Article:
November 19, 2020 report
Micro-robot with chemically encoded intelligence removes hormonal pollutants
A team of researchers from the University of Chemistry and Technology Prague, Yonsei University and the Brno University of Technology has developed a micro-robot with chemically encoded intelligence that can remove hormonal pollutants from a solution. They have published their results in Nature Machine Intelligence. Dongdong Jin and Li Zhang with the Chinese University of Hong Kong and Multiscale Medical Robotics Center, respectively, have published a News and Views piece in the same issue outlining the state of micro-robot research and describe the work done by the researchers with this new effort.
As Jin and Zhang note, most micro-robots have little to no intelligence—they are single-purpose entities that are generally controlled externally using magnets. But they also note that micro-robot research is changing to add local intelligence, giving them the ability to interact with their environment as they carry out their functions. As an example, the researchers created programmable multi-layer micro-robots that are capable of removing hormonal pollutants from a solution without human assistance.
The micro-robots were three-layered, open-ended tubes. The most inner part of the tube was made of platinum. When immersed in a solution containing hydrogen peroxide, the H2O2 is catalyzed by the platinum, converting it to water and oxygen. During that process, the oxygen bubbles are ejected out one end of the micro-robot tube with enough force to propel it. Thus, the inner part of the micro-robot serves as the engine.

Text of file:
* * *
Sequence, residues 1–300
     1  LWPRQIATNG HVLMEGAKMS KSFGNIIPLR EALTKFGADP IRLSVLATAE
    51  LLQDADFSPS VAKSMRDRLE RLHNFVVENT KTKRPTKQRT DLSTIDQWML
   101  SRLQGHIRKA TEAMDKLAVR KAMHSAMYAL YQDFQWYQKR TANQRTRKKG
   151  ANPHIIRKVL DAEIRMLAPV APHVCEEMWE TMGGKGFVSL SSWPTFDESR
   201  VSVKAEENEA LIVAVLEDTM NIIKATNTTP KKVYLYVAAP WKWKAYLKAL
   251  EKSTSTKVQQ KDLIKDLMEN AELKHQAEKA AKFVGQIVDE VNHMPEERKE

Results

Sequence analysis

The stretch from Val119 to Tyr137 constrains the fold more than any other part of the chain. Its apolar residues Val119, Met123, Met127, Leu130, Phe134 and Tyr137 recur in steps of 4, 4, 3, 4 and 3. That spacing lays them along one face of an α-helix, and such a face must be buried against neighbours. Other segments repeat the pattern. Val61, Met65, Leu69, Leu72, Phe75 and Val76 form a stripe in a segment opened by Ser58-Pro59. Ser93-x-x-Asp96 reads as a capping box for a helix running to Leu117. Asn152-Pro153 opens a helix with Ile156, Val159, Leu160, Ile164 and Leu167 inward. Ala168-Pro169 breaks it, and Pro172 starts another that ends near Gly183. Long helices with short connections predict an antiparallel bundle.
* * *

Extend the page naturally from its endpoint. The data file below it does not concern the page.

The outer part of the micro-robot was made of polypyrrole, and its purpose was to carry out the chemical reactions that resulted in decontamination of the solution. The researchers also added magnetite nanoparticles to the outer layer to provide the option of external control through the use of magnets. They note that as the pH level of the solution changed due to the actions of the robot, the surface charge on the outer layer of the micro-robots changed, as well, which led to affinity modulation. And as the micro-robot moved through the solution producing hormonal (estrogen) fibers, it created a web of sorts (made out of the fibers) on the surface of the solution, allowing for removal. And if that weren't enough, when several of the micro-robots were put into the solution, they interacted with one another, forming a swarm, working together to create a single chunk of fiber that could be easily removed from the solution.
Dongdong Jin et al. Embodied intelligence weaves a better future, Nature Machine Intelligence (2020). DOI: 10.1038/s42256-020-00250-6
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